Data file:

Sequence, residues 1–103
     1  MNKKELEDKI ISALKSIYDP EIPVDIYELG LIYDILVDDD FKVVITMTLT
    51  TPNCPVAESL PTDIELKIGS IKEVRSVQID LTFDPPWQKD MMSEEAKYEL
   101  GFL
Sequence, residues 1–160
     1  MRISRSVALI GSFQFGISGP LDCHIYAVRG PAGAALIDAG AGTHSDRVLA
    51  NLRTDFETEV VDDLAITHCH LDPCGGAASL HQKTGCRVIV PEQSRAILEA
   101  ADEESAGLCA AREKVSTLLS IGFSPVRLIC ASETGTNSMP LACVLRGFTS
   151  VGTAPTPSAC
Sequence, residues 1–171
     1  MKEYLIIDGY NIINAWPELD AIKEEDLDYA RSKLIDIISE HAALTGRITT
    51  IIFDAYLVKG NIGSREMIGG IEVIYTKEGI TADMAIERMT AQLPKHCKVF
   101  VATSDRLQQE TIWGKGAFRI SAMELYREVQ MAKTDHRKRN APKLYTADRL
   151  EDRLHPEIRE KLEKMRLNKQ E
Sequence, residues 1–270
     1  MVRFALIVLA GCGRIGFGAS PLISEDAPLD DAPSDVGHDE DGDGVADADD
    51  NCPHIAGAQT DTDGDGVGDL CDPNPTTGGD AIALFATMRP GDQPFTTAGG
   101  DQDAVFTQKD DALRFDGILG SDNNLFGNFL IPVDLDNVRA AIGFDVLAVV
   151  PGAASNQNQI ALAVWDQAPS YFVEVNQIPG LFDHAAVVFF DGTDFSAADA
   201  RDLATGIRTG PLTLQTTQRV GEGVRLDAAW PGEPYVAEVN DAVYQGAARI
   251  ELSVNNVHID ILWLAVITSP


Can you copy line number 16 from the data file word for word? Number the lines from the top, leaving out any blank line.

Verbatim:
     1  MVRFALIVLA GCGRIGFGAS PLISEDAPLD DAPSDVGHDE DGDGVADADD